Thursday, March 26, 2015

Rolling Stone Asks Why We're Losing

The Thirteen Votes are in, and I'm disappointed in the 67 of you that didn't vote, but that's okay. We had a lot of votes for "Experience" and "All of the Above." So, Experience seems key for a lot of people. And of course the comments brought up the all-important "How well they work together" factor.

But here's an article from Rolling Stone that is relevant to our discussion:
"Why is American Figure Skating Losing the Cold War?"

From the article:

"They don't teach individually in Russia from the beginning. They don't have private lessons for six year olds, seven year olds, eight year olds. They have basically group lessons," Vlassov says. "Working in a small group, they start to compete against each other. And kids like to compete.

In other words, competition is completely entrenched in a Russian skater's training. Not only that, Russian skaters must attain a particular rank in competition to advance to the higher levels. This is wildly different than the USFSA testing system, in which skaters show that they can complete the elements in a noncompetitive setting and are even permitted a certain number of re-skates for failed elements. It's all very nice to get second chances, but there are no second chances in real competition. The FFKKR, Russia's figure skating federation, knows this. It's one reason that they schedule their skaters to compete within the country far more often than is customary in the U.S.; they want their skaters to practice competing. They don't want to bestow gold stars. They want fierce competitors.

The American A-for-effort ethos isn't just a problem in terms of testing either; it's a problem with coaching too. At the Basics Skills levels, some coaches have few qualifications, and even at higher levels, coaches in the U.S. need only pass four online courses, buy liability insurance, join the USFSA and complete a background check. "I can call it babysitting, very expensive babysitting," Vlassov says, explaining that when foundational skills aren't taught adequately, it can mean a lot of retraining later in a skating career."

I've just spent a lot of time retraining mohawks and 3 turns, and I'm still retraining back and forward crossovers so they not only look good, but so they don't cause me injury. (Seriously. My landing knee was taking a pounding due to bad crossover form.) It's really easy to gloss over foundational skills when it seems the flashier stuff is more fun, but you do it at your own peril.

 The "Just Group Lessons for Kids" idea nixes the "How well do they click" factor for the younger set. And I think it may push an Individualistic Strength that may carry a skater through a completely insufferable yet incredibly talented Coach. After all, we can't always work with people we get along with. It's not all sunshine and rainbows.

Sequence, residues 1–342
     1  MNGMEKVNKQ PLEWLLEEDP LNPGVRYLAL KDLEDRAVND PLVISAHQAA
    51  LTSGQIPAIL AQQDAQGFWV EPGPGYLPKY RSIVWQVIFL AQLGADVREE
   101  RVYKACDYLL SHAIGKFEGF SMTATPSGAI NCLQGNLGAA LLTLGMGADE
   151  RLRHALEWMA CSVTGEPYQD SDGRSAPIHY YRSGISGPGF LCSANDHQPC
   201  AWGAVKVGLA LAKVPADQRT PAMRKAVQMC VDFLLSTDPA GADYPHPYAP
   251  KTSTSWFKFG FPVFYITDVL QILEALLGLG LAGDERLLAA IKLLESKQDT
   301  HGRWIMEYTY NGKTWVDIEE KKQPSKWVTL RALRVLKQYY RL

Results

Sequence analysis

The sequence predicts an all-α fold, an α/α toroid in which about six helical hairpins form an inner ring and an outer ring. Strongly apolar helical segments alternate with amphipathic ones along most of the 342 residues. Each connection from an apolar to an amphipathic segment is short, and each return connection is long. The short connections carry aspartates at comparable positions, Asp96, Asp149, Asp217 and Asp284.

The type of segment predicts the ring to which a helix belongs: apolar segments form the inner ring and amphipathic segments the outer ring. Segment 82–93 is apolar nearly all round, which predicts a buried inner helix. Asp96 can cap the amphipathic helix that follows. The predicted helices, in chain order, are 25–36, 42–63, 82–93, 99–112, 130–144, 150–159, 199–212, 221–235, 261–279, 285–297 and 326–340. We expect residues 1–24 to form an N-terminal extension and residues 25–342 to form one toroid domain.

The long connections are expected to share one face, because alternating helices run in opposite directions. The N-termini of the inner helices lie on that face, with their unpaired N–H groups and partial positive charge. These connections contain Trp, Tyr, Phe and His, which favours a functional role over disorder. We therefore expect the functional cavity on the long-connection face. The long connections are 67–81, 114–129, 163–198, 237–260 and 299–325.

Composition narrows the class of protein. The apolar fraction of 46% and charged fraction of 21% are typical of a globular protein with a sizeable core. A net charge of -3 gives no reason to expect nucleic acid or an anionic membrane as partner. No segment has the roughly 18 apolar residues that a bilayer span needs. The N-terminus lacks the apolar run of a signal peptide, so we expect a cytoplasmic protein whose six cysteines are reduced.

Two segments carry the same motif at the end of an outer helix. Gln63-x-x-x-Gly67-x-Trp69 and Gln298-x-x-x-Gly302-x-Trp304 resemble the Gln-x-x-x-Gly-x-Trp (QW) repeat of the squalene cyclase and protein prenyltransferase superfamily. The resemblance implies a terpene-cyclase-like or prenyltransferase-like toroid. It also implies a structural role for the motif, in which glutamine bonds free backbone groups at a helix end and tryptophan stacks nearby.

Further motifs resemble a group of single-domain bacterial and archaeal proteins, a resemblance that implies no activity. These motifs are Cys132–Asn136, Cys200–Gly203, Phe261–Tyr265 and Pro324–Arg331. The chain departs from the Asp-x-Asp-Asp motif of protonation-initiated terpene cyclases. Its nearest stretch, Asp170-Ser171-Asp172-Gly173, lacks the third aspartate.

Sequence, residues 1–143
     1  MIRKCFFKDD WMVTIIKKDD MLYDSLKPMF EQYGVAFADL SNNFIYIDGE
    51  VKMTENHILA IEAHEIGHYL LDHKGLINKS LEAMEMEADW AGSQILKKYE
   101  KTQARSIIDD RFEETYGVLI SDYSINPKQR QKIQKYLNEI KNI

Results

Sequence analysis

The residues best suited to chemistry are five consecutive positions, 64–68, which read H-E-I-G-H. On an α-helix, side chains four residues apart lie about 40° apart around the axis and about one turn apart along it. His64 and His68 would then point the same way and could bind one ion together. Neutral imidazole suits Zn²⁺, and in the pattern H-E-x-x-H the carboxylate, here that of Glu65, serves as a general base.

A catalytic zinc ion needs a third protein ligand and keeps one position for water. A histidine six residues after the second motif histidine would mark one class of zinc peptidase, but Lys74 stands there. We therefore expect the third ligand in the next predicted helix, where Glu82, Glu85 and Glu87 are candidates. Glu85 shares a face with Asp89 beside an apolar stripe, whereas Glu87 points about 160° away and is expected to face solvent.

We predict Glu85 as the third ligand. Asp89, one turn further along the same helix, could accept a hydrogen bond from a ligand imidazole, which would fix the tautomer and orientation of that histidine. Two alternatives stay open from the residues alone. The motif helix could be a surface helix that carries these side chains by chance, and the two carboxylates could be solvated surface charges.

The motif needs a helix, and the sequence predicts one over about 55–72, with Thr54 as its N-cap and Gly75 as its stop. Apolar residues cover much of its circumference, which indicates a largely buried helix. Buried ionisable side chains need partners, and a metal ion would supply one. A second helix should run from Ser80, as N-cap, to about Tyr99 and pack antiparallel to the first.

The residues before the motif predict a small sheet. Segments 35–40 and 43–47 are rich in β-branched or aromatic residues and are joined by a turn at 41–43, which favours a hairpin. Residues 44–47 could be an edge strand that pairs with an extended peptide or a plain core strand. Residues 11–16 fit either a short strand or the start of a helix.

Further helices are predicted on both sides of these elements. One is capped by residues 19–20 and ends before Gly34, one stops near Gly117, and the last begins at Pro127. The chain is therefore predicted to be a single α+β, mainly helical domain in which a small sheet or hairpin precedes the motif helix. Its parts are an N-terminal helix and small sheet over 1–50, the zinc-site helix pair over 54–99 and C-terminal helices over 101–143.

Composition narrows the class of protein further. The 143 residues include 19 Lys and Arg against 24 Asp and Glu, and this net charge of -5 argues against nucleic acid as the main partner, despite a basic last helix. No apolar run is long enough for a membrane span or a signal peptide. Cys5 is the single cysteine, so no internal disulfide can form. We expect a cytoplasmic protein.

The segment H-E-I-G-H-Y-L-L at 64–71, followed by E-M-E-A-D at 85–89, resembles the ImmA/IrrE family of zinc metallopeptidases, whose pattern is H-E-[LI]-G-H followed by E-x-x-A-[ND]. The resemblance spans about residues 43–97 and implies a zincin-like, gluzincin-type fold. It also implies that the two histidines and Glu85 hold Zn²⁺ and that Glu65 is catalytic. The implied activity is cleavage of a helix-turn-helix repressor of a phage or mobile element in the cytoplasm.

Just my thoughts, but feel free to add your own. All I know for certain is that if Elizaveta wins Worlds I will die of happiness. She is so beautiful, and you can tell she works hard. I love it when a skater gets what she's earned, and all too often it seems USFSA gives a skater what they think she deserves.


  1. I don't think the article is on the mark at all. It seems to me that in in looking at why we had success before and don't know you need to look at what changed. I can only think of two things that have really changed in the last 20 years in American skating:

    1) IJS. Is it really a coincidence that the derailing of American skating happened at the same time (pretty much) as the introduction of IJS at the highest, then lower levels? I really don't think so.

    2) Dropping of compulsory figures. In the past I would give a higher place to this, but I'm rethinking that. I still think that many of today's skaters have crappy basic skills (edges and turns); but realistically Americans/British always gave a lot more attention to figures than the rest of the world but Russians etc. were still competitive.

    So I tend to think a large part of it is that we still have not really adapted our thinking and training to IJS. Whether IJS is a good thing is a (very) separate discussion.

  2. er, that should be "don't now", not "don't know".

  3. I watched some of the Ladies' this weekend. There is just no comparison between Elizaveta and Ashley. Ashley looked like a boring mess, and this has nothing to do with edges or IJS. She spent so much time just gliding and doing crossovers, it's like her program was thrown in at the last minute.

    IJS is another discussion, but when you watch these two, there is just no comparison. At all.